Towns and cities all over our area – and presumably yours too – saw road closures, pedestrian areas and bike lanes sprouting like autumn mushrooms on your lawn and just as useful, causing inconvenience to shoppers, consternation to the surviving business owners and traffic mayhem, while at the same time people were frightened off from using public transport and told by yet more ‘health professionals’ not to share a car with somebody outside of ‘your bubble’! You could not have made it up.
Well, you and I couldn’t, but then most of us are not privy to the ‘advice’ of health professionals who, unelected, now assume that elected officials at local and national level will do their bidding. We can now see where that has taken us, with out-of-their-depth elected representatives and government ministers failing to take even basic management decisions. It’s like watching all powerful Human Resource and Health and Safety ‘professionals’ dictating company strategy to a CEO and board of directors or looking on in horror as British Leyland entered its death throes.
We have been watching this charade now since the beginning of the virus pandemic, a government not able to take decisions, manage or control their septic servants, with the on-going shambles in the Home Office being a prime example.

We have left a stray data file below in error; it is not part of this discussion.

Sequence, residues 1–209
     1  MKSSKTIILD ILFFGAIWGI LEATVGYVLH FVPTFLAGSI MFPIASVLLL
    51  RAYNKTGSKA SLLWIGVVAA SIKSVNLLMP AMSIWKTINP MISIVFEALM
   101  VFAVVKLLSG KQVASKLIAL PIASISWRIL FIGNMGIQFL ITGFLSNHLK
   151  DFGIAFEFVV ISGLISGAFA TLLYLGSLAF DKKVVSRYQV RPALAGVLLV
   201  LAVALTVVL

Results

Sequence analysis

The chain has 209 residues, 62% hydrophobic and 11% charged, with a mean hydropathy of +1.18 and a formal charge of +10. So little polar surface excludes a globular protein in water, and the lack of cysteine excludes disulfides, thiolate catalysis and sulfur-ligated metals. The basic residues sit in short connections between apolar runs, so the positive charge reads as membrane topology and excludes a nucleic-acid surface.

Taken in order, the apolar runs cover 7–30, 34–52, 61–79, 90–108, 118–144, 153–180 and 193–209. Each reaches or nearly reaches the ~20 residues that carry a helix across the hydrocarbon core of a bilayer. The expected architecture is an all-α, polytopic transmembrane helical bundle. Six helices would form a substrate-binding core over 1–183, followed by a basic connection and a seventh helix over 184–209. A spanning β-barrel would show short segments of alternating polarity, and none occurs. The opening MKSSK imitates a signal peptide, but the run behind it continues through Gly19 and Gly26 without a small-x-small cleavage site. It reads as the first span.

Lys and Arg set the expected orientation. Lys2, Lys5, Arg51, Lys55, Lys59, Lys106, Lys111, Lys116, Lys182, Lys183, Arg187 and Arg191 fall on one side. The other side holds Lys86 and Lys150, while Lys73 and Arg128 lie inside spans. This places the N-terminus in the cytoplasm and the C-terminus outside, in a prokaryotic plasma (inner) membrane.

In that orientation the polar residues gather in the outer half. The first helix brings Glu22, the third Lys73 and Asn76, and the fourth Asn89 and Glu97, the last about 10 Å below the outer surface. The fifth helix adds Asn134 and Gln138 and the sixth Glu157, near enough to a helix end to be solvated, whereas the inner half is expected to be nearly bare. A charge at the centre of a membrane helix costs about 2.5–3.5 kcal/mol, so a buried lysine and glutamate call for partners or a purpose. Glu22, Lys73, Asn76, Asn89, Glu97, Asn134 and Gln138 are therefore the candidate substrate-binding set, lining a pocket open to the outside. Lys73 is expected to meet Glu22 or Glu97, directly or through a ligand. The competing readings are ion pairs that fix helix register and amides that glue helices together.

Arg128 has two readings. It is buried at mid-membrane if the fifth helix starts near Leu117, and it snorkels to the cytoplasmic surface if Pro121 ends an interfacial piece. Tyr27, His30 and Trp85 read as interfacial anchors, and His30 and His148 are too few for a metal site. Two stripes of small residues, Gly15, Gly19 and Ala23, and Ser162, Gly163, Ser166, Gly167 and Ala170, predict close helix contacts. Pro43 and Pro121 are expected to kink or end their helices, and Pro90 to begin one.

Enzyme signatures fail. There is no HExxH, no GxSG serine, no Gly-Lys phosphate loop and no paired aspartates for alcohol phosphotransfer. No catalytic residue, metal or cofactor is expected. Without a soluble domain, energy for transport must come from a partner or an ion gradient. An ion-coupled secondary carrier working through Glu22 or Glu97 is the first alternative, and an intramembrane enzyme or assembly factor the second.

Many people seem to have accepted the unpaid and unasked for role as restriction and pseudo health ‘enforcers’. You can see them in their cars, windows closed, mostly sitting alone staring into the distance while wearing masks and sunglasses. When on foot they dart around in the street avoiding other people like the plague, which they obviously think you can catch everywhere, even up wind at a hundred meters.
If these people are so afraid of everything, why don’t they just hibernate for the duration, or maybe they just want to ‘virtue signal’ their compliance or subjugation to arbitrary laws and restrictions. We are now told that one in 30 of our fellows has taken it upon themselves to call the ‘police snitch lines’ to complain about somebody, neighbour or business.
If this trend continues, we can follow the example of some citizens in the United States and ‘de-fund’ the police. It would certainly be cheaper and, we would see, well, you would have seen if the results had been reported on MSM, just how effective that would be.
Mind you, judging by the actions of police reported and filmed dragging somebody off a train this week and the selective policing that went on in London and other cities over the last few months, one could be forgiven for asking just what they think they are there for – ‘the protection of life and property and the preservation of the Queen’s peace’, and the little matter of ‘without fear or favour’ seems to have been lost somewhere along the way during the last few years.
If Grant Shapps as Secretary of State for Transport is happy with the example provided by the British Transport police (the clue is in the name) this week, for whom he is responsible, he needs, as one recent prime minister was quoted as saying, to ‘wake up and smell the coffee’. Dragging people off a train is not a good look for any police service. Perhaps they think they are being left behind by police in Melbourne, Australia and want to get in on the act.
Part 2 of All is well, just dream on will be published here tomorrow